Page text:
Bergis is an archivist interested in developing solutions for building capacity and achieving sustainability in community-based cultural heritage organizations that focus on documenting the lives of marginalized people. He is also passionate about incorporating ethics into how we collect and preserve digital content from the web and social media about people that are most vulnerable to harm in those spaces.

Bergis will be discussing his advocacy work on behalf of community-based archives and sharing strategies for how we can achieve more equitable community/university collaborations in collecting and preserving our shared cultural heritage. His talk will mainly cover his recent work on the Architecting Sustainable Futures symposium and report and on the Documenting the Now project.

Read more about Bergis Jules.


Mary Rader, University of Texas at Austin, SACOOP
Gradual Revolutions: the case of the South Asian Cooperative Collection Development Workshops

The South Asian Cooperative Collection Development Workshops (SACOOP) provide a rich case study for broader cooperative collection debates of efficiency, distinction and access.   This presentation explores how iterative and ongoing collaborative efforts can transform thinking about collection development, about workflow practices, and about the enduring need for interconnecting support.

Mary Rader is the South Asia Librarian and Head of the Arts, Humanities, & Global Studies Engagement Team at the University of Texas at Austin, having held positions previously at the University of Wisconsin-Madison, the University of Michigan, and the Chicago Public Library.  Through the years, her work has emphasized the need for collective and collaborative action to solve the challenges of collection breadth, depth and access, particularly in relation to South Asian Studies.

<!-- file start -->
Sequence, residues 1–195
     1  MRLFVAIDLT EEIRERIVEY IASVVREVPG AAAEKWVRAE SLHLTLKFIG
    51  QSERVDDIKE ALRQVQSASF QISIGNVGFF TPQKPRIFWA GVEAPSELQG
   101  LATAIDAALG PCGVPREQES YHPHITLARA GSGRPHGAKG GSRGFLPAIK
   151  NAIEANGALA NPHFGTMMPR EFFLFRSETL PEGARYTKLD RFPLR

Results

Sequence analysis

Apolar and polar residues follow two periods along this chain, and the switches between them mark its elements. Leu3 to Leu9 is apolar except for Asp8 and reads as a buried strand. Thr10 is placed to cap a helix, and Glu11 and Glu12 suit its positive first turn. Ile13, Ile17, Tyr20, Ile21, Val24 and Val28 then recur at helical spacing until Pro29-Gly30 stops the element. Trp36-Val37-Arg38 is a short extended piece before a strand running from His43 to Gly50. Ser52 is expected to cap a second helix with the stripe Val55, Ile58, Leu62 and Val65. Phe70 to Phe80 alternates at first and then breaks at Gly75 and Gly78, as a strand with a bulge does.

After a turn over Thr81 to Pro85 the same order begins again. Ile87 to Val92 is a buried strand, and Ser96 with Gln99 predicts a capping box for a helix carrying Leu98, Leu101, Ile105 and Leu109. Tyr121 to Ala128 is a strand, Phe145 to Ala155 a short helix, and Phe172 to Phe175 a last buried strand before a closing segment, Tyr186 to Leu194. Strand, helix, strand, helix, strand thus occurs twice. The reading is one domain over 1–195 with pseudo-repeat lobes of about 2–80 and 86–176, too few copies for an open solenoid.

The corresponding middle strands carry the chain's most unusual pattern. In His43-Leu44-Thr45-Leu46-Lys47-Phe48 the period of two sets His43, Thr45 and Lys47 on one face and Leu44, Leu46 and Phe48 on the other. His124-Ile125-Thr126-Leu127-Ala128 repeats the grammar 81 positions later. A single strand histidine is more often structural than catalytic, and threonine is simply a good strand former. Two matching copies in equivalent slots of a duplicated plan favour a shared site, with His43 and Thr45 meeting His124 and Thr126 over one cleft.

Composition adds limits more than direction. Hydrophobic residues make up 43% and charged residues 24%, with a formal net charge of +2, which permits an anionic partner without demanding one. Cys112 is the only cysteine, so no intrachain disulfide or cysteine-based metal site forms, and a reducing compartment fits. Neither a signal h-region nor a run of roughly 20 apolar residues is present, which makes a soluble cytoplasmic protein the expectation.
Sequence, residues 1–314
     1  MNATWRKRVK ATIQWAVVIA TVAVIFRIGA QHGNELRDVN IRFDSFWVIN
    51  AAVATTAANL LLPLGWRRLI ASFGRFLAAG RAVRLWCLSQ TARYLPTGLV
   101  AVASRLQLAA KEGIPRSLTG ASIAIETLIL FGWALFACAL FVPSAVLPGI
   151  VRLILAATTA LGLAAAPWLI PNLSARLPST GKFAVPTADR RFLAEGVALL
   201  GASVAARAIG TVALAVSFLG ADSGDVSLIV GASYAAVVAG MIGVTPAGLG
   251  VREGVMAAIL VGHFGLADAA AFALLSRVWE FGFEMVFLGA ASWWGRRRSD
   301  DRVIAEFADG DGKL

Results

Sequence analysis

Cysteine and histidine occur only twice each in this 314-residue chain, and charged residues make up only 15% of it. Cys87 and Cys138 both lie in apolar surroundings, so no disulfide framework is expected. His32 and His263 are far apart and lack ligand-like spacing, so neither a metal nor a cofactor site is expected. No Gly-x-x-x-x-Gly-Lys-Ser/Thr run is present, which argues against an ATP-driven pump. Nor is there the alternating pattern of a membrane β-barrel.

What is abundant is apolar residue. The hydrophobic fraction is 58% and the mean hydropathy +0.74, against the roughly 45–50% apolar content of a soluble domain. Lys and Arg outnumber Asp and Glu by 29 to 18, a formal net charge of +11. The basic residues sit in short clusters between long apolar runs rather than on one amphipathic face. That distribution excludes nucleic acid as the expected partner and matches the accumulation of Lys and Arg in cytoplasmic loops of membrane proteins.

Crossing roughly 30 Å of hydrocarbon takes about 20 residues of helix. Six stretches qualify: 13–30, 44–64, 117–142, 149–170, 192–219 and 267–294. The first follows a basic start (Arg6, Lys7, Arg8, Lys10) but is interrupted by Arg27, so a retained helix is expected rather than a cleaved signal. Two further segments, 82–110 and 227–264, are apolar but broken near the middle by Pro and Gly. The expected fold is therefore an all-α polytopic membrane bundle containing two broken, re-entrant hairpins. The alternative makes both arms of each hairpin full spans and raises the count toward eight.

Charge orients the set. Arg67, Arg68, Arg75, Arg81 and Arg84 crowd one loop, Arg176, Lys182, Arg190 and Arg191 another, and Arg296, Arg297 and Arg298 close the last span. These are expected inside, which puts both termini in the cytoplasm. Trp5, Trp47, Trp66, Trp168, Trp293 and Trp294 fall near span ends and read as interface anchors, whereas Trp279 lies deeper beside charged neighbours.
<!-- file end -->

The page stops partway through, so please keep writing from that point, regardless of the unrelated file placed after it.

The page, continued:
Read more about Mary Rader.

Matthew Kirschenbaum, University of Maryland
The Future of the History of the Book

This talk discusses the prospects for the future (and indeed, the present day) study of books and other artifacts of contemporary culture in the face of the widespread shift to digital content delivery (even a printed book is a digital file before it becomes an object in our hands). The materials which traditionally found their way into the collections of libraries and archives are thus now digital assets stored in digital asset management systems. Drawing from a report recently completed for the Andrew W. Mellon Foundation, the talk addresses challenges and some potential approaches for safeguarding the principle materials of literary studies, the history of the book, and related fields.

Matthew G. Kirschenbaum is Professor in the Department of English at the University of Maryland and Director of the Graduate Certificate in Digital Studies. He is also an affiliated faculty member with the College of Information Studies at Maryland, and a member of the teaching faculty at the University of Virginia’s Rare Book School. His most recent book, Track Changes: A Literary History of Word Processing, was published by Harvard University Press in 2016; with Pat Harrigan, he also recently co-edited Zones of Control: Perspectives on Wargaming from the MIT Press (2016). Kirschenbaum delivered the 2016 A.S.W. Rosenbach Lectures in Bibliography at the University of Pennsylvania. He is a 2011 Guggenheim Fellow.

See or follow him on Twitter as @mkirschenbaum for more.



The Study at University City
20 S. 33rd Street (corner of 33rd and Chestnut)
Philadelphia, PA 19104
Cut-off date for reservations: 15 September 2019
Use booking code 5314165.
For other nearby options, please visit the following website. Based upon availability, a Penn discount may be applied if reservations are made via the website.